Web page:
Why We Plant Trees

Excerpt from “The Book of Trees” by Alfred Carl Hottes

We plant trees because we love them. Some trees linger in our memories as old friends, from whose branches we have swung; under whose cool shade we have rested from paly or work.

Some trees seem to have moods, changing from day to day, season to season, and from youth to old age.

We plant trees for their beauty of leaf, whether green in summer or red in autumn; for their bark which becomes particularly fascinating in winter; for the delicate tracery of the branches that frame our view of the sky.

We plant trees to shelter our homes from the summer sun and from the cold winds of the winter.

We plant trees to furnish havens for birds who pay a liberal rent to the tree in the form of the hordes of insects they devour. Where would our gardens of fruits, flowers, and vegetables be if it were not for the vigilant birds that catch more than we could spray.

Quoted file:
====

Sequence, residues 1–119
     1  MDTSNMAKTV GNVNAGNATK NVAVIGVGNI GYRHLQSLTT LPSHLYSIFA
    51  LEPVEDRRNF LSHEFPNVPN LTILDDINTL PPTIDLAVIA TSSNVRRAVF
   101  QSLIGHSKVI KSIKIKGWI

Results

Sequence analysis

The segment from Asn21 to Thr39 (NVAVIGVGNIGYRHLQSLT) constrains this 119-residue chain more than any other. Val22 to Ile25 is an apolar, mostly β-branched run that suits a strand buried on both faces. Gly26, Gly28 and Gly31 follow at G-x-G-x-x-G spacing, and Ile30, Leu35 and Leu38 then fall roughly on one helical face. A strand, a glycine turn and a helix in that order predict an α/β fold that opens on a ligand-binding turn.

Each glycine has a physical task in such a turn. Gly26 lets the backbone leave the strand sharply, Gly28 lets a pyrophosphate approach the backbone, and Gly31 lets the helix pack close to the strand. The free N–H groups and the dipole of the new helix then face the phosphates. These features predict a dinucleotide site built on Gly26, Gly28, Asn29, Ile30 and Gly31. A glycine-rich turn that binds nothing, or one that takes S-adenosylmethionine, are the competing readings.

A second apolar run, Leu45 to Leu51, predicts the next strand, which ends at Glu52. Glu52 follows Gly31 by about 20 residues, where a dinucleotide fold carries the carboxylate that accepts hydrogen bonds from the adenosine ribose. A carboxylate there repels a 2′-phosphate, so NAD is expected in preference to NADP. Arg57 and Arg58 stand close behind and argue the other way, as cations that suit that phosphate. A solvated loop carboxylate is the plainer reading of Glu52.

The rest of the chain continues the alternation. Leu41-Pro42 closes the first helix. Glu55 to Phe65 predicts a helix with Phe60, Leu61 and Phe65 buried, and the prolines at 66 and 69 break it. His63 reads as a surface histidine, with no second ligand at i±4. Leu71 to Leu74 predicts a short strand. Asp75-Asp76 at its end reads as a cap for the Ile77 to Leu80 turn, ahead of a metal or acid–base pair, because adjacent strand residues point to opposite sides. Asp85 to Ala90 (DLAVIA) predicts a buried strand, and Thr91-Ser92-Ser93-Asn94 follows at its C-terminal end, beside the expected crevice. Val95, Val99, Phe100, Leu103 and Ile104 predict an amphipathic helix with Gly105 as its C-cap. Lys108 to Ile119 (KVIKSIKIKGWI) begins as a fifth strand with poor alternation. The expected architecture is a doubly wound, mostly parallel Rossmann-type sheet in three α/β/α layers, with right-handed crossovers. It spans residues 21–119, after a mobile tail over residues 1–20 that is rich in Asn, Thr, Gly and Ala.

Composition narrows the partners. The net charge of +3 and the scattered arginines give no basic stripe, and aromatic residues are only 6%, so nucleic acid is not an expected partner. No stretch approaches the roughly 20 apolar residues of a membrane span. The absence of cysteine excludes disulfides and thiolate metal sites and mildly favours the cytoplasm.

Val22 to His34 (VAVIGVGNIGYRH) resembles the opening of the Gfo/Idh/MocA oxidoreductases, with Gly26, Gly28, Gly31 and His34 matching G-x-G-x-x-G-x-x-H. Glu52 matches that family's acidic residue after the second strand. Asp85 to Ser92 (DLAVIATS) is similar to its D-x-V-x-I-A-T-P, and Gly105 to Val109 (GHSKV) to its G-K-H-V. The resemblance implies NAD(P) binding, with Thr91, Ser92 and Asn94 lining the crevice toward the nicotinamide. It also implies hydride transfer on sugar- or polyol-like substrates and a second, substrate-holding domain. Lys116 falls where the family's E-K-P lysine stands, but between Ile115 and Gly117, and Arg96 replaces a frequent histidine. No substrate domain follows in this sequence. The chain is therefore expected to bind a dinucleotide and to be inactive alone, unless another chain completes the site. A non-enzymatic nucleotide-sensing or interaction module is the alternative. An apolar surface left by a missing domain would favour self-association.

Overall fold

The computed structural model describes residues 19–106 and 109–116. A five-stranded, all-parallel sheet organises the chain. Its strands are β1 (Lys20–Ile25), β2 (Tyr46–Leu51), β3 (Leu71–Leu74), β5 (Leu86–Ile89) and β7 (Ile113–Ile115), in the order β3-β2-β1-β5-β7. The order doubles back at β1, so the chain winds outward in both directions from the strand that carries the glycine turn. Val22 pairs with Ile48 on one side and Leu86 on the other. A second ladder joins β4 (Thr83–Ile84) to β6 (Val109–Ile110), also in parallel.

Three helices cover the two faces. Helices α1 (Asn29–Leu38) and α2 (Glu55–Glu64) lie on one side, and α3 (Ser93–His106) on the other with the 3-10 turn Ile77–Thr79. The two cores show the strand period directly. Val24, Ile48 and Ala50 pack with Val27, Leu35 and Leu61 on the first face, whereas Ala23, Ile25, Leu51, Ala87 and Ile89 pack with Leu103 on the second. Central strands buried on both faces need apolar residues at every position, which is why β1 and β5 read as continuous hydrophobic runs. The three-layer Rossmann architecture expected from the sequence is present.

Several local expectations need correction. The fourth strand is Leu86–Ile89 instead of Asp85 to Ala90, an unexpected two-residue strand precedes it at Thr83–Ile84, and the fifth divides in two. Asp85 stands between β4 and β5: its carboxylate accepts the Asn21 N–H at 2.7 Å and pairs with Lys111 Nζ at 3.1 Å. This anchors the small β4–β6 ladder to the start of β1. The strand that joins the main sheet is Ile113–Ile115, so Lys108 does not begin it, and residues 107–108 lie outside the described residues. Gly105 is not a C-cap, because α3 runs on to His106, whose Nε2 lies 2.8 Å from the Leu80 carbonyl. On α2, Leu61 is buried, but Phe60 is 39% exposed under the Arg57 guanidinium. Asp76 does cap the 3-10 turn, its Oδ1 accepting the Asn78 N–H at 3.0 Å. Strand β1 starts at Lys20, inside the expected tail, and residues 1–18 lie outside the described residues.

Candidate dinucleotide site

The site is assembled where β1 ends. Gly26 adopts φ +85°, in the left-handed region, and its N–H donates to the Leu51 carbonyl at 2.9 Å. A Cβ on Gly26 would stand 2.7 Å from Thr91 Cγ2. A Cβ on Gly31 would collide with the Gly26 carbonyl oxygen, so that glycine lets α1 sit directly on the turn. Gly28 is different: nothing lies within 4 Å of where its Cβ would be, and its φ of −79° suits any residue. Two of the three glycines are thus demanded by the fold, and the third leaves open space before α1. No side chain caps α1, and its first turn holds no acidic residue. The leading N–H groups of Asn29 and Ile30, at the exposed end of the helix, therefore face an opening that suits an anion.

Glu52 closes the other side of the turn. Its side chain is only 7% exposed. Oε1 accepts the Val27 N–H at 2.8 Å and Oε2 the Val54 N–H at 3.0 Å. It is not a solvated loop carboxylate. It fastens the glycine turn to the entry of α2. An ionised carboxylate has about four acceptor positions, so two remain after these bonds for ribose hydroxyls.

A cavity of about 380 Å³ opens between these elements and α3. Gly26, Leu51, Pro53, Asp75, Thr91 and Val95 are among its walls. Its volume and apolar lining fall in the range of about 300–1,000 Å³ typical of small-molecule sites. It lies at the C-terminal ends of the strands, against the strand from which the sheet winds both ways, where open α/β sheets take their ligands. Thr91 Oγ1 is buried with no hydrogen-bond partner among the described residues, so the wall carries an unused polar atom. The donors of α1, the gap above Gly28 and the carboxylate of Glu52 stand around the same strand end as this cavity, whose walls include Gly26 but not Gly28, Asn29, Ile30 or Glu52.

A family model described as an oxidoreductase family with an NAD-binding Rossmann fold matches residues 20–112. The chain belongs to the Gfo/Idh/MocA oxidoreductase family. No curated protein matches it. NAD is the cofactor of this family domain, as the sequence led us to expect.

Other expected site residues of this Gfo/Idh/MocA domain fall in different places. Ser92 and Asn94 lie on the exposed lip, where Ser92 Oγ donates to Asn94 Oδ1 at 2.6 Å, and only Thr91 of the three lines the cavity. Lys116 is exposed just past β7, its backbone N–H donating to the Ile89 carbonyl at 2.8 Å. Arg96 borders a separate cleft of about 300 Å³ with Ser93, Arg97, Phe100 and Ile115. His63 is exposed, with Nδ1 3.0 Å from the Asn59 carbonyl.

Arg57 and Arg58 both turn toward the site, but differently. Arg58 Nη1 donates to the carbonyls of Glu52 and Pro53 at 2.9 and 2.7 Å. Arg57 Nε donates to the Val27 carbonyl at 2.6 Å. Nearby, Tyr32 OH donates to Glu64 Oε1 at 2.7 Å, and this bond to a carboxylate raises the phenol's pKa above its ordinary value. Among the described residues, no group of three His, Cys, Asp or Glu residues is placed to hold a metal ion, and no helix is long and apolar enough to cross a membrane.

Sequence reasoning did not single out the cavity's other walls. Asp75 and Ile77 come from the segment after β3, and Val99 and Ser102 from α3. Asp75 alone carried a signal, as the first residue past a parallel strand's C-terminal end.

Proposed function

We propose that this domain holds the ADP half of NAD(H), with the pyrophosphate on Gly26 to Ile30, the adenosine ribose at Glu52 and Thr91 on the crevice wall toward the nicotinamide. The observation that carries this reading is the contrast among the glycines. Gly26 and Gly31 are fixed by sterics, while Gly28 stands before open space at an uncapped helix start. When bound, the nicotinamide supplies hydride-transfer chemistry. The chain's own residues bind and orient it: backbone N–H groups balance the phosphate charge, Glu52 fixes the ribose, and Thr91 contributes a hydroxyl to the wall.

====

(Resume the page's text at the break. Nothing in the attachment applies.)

We plant trees because where they expand their verdant branches the air is purer and less dusty.

We plant avenues of trees in cities and along roadsides to furnish shade, provide vistas of outlying beauty, and to prevent snow drifts.

Aside from aesthetic and civic value, the realtor knows that trees increase the value of property.

We are interested in a tree for pure botanical and horticultural reasons: the strengths of its woody fibers, the incomparable complexity of its flowers, the abundance of its fruit, and the growth processes that fascinate us.

We plant trees because we take joy in supplying a fit environment for a growth that approaches perfection.

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